With October 16 being World Food Day and Americans spending more money at food establishments than at grocery stores in 2015, the personal-finance website WalletHub took a close look at 2016’s Best & Worst Foodie Cities.

To find the best and cheapest foodie scenes in the U.S., WalletHub compared the 150 most populated cities across 21 key metrics, ranging from “cost of groceries” to “affordability and accessibility of high-quality restaurants” to “number of food festivals per capita.”

Best Foodie Cities

1. Orlando

2. Portland, Oregon

3. Miami

4. Tampa

5. San Francisco

6. Cincinnati

7. St. Louis

8. Salt Lake City

9. Richmond

10. Seattle

Worst Foodie Cities

141. Garland, Texas

142. Fayetteville, North Carolina

143. Jackson, Mississippi

144. San Bernardino, California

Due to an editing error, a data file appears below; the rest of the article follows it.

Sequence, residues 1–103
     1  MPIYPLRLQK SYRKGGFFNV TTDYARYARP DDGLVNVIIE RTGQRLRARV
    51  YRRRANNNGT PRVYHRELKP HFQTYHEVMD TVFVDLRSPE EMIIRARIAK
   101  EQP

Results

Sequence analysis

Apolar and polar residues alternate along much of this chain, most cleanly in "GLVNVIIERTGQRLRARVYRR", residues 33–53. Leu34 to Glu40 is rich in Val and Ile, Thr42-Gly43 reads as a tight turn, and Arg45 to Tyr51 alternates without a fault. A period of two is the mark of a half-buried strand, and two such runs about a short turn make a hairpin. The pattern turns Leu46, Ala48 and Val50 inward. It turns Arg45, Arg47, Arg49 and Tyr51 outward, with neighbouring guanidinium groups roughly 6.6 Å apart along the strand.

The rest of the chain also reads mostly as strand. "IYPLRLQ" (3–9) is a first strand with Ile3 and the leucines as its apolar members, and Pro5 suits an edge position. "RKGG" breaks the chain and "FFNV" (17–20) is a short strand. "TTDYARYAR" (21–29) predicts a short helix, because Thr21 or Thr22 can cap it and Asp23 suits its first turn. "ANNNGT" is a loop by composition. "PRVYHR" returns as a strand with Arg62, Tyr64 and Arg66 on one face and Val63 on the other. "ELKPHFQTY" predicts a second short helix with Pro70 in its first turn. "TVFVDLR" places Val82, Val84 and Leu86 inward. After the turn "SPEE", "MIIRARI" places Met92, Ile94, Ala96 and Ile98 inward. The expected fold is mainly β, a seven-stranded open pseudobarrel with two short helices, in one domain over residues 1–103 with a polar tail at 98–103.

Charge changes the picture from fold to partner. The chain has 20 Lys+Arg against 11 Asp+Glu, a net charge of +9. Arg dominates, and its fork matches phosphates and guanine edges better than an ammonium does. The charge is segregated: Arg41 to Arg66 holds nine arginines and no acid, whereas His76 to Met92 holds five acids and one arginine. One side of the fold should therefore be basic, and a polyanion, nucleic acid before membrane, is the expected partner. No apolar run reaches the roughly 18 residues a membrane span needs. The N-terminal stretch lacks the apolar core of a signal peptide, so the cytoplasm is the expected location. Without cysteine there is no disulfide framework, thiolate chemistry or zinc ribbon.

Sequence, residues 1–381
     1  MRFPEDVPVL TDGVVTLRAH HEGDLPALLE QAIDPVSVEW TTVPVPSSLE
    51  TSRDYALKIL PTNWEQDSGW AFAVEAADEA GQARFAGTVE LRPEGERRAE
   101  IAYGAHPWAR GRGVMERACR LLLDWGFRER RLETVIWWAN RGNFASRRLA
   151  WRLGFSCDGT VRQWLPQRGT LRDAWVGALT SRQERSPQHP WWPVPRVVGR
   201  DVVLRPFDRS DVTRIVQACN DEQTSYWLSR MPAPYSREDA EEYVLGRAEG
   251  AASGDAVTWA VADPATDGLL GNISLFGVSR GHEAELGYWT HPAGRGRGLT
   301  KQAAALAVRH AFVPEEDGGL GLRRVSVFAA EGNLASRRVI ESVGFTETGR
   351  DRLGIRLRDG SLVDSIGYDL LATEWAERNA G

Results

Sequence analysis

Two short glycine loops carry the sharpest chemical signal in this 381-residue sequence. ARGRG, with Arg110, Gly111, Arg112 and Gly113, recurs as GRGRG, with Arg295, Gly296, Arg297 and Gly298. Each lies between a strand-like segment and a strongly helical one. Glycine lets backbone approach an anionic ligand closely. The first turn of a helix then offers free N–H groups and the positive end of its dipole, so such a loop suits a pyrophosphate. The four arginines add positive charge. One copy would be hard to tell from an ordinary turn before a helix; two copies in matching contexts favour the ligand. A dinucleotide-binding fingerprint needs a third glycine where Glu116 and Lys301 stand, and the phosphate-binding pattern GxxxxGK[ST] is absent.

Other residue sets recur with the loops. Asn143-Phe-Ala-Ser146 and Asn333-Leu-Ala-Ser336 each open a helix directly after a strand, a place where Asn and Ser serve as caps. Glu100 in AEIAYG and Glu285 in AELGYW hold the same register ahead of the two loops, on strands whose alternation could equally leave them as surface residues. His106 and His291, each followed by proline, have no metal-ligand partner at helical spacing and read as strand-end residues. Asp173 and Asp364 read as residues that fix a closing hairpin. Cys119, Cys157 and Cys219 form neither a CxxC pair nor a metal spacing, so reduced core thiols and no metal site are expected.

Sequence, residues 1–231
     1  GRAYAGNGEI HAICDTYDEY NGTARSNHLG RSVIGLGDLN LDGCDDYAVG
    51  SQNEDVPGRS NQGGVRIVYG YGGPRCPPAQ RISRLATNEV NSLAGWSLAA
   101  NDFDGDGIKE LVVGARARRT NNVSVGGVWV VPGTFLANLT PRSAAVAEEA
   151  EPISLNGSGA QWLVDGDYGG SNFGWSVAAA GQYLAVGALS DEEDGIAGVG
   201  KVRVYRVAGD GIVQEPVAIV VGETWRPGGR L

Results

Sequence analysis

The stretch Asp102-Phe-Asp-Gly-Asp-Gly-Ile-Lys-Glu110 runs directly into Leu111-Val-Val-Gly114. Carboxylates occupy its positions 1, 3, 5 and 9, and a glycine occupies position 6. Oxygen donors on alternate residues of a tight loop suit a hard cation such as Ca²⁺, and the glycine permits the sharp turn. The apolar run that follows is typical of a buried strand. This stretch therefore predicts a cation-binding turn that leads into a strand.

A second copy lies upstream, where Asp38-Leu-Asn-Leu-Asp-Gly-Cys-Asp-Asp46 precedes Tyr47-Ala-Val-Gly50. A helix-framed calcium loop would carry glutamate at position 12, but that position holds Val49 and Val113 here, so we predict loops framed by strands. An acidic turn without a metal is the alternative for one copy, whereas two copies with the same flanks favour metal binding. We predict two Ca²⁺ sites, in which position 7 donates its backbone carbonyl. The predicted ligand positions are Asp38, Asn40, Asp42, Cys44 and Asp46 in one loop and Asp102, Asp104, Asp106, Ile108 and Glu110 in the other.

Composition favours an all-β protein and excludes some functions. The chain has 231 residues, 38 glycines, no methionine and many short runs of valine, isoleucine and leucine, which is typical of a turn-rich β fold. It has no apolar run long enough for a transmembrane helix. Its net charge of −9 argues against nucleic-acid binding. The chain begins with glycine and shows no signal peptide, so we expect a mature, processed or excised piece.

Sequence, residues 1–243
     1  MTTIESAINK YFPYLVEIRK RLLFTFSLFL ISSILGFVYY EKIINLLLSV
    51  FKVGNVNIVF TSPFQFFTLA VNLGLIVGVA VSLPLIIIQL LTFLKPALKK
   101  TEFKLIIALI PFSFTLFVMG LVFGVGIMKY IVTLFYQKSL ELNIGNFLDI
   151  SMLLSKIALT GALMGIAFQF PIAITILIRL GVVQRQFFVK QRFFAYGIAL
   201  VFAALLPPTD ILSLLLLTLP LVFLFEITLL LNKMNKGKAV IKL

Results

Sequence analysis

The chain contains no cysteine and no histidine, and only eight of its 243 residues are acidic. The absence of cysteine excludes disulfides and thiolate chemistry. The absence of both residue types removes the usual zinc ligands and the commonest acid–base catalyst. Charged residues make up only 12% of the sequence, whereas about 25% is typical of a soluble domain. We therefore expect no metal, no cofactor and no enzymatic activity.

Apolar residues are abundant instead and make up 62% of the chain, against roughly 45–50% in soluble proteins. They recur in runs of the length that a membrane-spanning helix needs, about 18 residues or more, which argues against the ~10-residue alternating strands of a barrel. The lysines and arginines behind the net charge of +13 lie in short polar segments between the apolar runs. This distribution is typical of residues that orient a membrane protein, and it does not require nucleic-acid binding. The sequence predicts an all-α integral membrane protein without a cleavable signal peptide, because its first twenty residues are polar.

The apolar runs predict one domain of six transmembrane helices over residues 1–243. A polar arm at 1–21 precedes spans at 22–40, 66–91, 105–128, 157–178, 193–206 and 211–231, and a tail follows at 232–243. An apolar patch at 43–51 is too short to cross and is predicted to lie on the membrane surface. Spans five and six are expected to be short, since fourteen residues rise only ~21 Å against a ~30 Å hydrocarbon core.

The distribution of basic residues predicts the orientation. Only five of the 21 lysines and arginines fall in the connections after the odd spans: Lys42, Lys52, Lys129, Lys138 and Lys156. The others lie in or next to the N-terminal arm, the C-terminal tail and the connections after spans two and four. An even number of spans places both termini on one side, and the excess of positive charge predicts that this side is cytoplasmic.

145. Aurora, Illinois

146. Fontana, California

147. Montgomery, Alabama

148. Grand Prairie, Texas

149. Moreno Valley, California,

150. North Las Vegas, Nevada

Best vs. Worst

Laredo, Texas, has the lowest grocery cost index, 79, which is two times lower than in Honolulu, the city with the highest, 158.9.

Orlando has the most restaurants per 100,000 residents, 1,176.38, which is 9.8 times more than in Santa Clarita, California, the city with the fewest, 120.09.

Santa Rosa, California, has the highest ratio of full-service restaurants to fast-food establishments, 1.74, which is 3.1 times higher than in Jackson, Mississippi, the city with the lowest, 0.57.

Portland, Oregon, has the most coffee and tea shops per 100,000 residents, 103.92, which is 29.5 times more than in Laredo, Texas, the city with the fewest, 3.52.

Miami has the most gourmet specialty-food stores per 100,000 residents, 117.46, which is 14.5 times more than in Gilbert, Arizona, the city with the fewest, 8.08.

Cincinnati has the most grocery stores per 100,000 residents, 128.29, which is 13.8 times more than in Santa Clarita, California, the city with the fewest, 9.32.

San Francisco has the most cooking schools per 100,000 residents, 6.36, which is 28 times more than in Raleigh, North Carolina, the city with the fewest, 0.22.

Consumer Trends, News